Sprawl’s urban fragmentation makes upward economic mobility more difficult

For the land of opportunity, America ranks dismally low on upward mobility among the world’s developed countries. But what the groundbreaking work of Raj Chetty and others at the Equality of Opportunity Project has found in recent years is that even within the U.S., rates of upward mobility vary widely.

Among other things, this paper asks whether metropolitan sprawl contributes to the low rate of upward mobility for lower-income residents. The most important indicator of sprawl is poor accessibility. Poor accessibility may be a particular problem for certain socioeconomic groups, since low income and low automobile ownership make the distances inherent in sprawl harder to overcome.

The spatial mismatch of low-income (and often minority) residents in inner cities, and low-skill jobs in the suburbs, is particularly a serious case of inaccessibility. Evidence demonstrates that low-income residents have limited transportation mobility and inaccessibility to job opportunities can affect their social mobility. Still, there is no evidence in the literature on how sprawl itself may affect the upward mobility of youth in disadvantaged families.

Thus, people who live in relatively compact San Jose, for instance, have a much better chance of ascending into a higher social class over the course of their lives than people who live in, say, sprawling Atlanta.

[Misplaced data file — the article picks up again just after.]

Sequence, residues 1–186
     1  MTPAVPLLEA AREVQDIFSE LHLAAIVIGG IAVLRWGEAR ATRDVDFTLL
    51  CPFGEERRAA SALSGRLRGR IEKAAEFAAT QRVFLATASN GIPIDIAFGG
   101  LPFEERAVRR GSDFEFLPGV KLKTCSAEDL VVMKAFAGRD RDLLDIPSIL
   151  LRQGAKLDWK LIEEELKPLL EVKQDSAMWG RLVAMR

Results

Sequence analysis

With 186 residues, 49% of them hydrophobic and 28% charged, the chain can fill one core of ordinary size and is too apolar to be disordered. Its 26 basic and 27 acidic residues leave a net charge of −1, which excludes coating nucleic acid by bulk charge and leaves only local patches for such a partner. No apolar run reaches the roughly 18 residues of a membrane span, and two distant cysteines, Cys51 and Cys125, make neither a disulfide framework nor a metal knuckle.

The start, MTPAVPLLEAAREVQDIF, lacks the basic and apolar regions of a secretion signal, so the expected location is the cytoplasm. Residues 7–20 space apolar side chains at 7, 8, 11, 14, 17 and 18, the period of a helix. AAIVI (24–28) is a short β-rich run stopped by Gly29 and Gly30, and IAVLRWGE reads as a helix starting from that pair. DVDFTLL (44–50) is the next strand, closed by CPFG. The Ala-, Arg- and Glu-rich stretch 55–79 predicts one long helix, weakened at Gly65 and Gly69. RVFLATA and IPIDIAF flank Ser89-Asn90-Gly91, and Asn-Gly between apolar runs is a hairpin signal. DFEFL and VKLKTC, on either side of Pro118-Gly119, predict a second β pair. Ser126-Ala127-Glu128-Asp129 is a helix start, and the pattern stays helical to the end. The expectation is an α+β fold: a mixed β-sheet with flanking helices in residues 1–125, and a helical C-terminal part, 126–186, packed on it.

Chetty and collaborators have found that a number of factors play a role in the upward mobility of a given metro area—residential segregation, income inequality, family stability, and school quality among them. But a brief glance at the geographical list, with San Jose and Atlanta at opposite ends, seemingly implicates urban sprawl as well.

Generally (not always), more compact an area, the easier time low-income workers have finding and getting to jobs—and thus improving their social status over the long term.

Sprawl may have a measurable impact on a person’s economic opportunities, but such dynamics are never so simple: many other local variables influence the social ladder.

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